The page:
TIP 17: Introducing the “Inner Unit” unit.

Let’s jump right in.

Allow me to introduce the “behind the scene” superstars; the Diaphragm, the Transverse Abdominis, the Multifidus, and the Pelvic Floor muscles.

These are the 4 muscles (muscle groups) that create the
“internal abdominal pressure” in order to stabilize the core region.


This picture shows you “where” these 4 muscles (muscle groups) are located.

Top Diaphragm 

Pelvic Floor muscles

Front (side)
Transverse Abdominis 

Back Multifidus 

When these muscles are able to contract (flex) together at the same time, well balanced  “internal abdominal pressure” is created!


derived from VARIOUS reasons,  one or more of these muscles can be or become weaker than the other, which then can create an
“imbalance” in the  “internal abdominal pressure”.

What happens when there’s imbalance?

It could mean increased stress or “leaks” of pressure in those weak areas.

ANYTHING and EVERYTHING, from low performance in sports to low back pain to incontinence to bad posture to shallow breathing,,, the list goes on and on.

I don’t know many people who have never experienced any of the above (especially after like 30 years of age).

Do you?

The fact that these symptoms (there are a ton more) are extremely popular, mean that we are not good at automatically knowing how to “keep” our inner unit strong (enough).

I’m not saying you should blindly start strengthening our inner unit, or we all need to aim for perfectly tuned & strong inner unit.

What I want you to know is, by working to create a better balanced  “internal abdominal pressure”, we can “minimize” these symptoms.

Moreover, I want you to know that “minimizing” these symptoms, are in fact, a choice.

When I say it’s a choice, I mean there’s no excuse not to start strengthening these muscles.

NO gym required,
NO equipment required,
NO money required,
NO chunk of time required,
NO age limit,
just some knowledge, some will, and devotion.

Of course, if you are an athlete, or engage in high demand physical activity, you would need a strong inner unit relative to those demands.



TIP16: Strong “CORE” for Everyone.

Today, I am going to explain why a strong core is not only for those who wish to lift super heavy weights in the gym room or become a super athlete.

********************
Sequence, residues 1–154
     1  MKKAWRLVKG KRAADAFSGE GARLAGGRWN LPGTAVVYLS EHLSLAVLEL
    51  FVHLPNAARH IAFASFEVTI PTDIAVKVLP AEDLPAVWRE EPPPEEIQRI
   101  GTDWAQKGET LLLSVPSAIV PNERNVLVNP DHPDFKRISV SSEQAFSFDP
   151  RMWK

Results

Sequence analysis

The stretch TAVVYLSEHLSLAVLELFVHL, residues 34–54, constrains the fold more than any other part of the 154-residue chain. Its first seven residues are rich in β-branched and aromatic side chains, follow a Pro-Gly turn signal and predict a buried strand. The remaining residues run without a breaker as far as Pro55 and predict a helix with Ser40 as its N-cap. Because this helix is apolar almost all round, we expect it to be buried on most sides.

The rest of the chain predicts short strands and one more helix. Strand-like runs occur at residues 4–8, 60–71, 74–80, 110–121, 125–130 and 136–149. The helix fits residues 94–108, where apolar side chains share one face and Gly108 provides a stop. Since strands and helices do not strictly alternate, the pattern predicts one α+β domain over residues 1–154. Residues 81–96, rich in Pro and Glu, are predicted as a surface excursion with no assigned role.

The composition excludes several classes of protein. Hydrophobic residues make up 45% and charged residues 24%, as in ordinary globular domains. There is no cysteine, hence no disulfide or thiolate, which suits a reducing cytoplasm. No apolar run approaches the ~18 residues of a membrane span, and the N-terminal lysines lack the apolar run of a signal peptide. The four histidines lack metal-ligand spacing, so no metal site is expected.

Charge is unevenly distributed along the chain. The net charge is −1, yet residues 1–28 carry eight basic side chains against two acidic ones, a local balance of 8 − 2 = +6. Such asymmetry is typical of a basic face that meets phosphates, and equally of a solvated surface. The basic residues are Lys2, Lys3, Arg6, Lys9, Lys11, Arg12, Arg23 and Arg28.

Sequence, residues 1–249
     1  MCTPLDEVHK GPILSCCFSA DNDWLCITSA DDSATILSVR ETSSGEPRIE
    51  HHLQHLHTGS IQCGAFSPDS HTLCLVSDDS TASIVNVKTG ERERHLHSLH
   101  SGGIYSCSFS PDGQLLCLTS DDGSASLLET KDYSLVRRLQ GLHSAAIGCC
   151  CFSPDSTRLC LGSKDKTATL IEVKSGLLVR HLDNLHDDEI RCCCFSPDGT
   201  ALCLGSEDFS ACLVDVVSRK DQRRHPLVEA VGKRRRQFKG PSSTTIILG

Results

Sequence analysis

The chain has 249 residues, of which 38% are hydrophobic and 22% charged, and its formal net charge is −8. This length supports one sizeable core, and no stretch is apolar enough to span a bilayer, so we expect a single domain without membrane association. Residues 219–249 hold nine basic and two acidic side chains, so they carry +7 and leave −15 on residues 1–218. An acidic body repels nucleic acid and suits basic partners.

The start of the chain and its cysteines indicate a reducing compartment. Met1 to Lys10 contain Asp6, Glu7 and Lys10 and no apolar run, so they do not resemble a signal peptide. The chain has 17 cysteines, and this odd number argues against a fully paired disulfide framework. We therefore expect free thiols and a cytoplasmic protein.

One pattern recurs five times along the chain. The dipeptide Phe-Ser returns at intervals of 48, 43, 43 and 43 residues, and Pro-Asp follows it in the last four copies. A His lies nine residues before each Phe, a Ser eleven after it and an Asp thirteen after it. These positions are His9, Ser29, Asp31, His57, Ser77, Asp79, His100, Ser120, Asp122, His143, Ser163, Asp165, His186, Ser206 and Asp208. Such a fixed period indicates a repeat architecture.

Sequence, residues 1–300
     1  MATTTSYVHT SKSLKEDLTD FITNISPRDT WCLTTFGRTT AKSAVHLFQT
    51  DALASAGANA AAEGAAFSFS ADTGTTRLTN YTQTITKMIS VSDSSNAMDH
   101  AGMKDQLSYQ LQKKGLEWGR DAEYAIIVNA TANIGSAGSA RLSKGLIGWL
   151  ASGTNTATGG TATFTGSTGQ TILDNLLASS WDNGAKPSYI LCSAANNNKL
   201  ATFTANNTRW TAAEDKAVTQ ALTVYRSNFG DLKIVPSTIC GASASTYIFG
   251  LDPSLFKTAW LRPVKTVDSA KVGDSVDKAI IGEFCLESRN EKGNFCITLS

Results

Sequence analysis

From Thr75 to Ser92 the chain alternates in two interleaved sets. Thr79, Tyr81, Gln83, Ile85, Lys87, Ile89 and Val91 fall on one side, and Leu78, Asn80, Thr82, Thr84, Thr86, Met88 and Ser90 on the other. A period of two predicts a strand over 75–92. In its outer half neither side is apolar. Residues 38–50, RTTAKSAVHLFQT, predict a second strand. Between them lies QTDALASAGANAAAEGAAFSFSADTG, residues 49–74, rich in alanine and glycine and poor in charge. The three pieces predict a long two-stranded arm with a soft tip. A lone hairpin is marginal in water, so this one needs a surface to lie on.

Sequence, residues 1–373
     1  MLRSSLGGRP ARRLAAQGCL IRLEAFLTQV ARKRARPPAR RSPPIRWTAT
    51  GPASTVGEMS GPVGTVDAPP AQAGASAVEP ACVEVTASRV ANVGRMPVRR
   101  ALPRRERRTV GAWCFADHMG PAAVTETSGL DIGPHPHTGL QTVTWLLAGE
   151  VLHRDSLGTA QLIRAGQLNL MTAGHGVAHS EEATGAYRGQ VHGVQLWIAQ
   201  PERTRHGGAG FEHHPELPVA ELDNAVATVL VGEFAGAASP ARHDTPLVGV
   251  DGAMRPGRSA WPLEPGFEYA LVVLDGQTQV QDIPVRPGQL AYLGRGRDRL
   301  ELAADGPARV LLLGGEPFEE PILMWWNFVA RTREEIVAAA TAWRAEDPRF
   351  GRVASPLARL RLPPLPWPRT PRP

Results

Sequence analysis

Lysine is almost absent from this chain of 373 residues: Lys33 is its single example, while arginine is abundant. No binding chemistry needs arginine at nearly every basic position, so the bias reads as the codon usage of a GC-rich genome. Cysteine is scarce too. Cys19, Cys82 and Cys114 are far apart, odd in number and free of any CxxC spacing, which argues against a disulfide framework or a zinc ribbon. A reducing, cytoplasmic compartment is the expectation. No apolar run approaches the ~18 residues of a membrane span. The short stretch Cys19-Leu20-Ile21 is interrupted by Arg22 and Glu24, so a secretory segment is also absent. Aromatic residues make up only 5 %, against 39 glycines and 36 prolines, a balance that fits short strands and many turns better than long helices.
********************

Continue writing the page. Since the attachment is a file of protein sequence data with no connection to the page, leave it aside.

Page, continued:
But, that’s not all.

First and foremost, you want the “CORE UNIT” to be working because the Spine is the only skeletal structure (bone) supporting the  “CORE” region !!

Imagine holding a huge cotton candy.  What if the candy was as heavy as ice cream the same size?
It would either be impossible to hold or feel extremely insecure.   How would you resolve that situation?  Wouldn’t you be more comfortable holding it with a thicker bar?

Same with the body.   Stronger “CORE”, supports the spine.

What happens when the “CORE” is not strong enough?

We develop back pain, usually around that “CORE” region where the spine alone cannot support the weight of our upper body.

Activating specific muscles in the “CORE” region will help you say goodbye to chronic back pain 

What are these “specific muscles” ??

They are the  “behind the scene” superstar unit called the “INNER UNIT” of the “CORE”.

Tomorrow I will reveal the actual muscles of the “INNER UNIT” and why they are oh so important.


TIP15: CORE 101-2

The first“CORE”  tip I gave was that the “CORE” needs to be “STABLE” in order to functionally use our body/muscle systems.

Today I will show you WHY & HOW we create a stable “CORE”.

When we say “stable core” it really means creating enough pressure in our core region so our body (in this case, our spine) doesn’t break like a twig when we face a large external force.  (This is the primary “WHY”)


(Don’t worry, this doesn’t happen easily)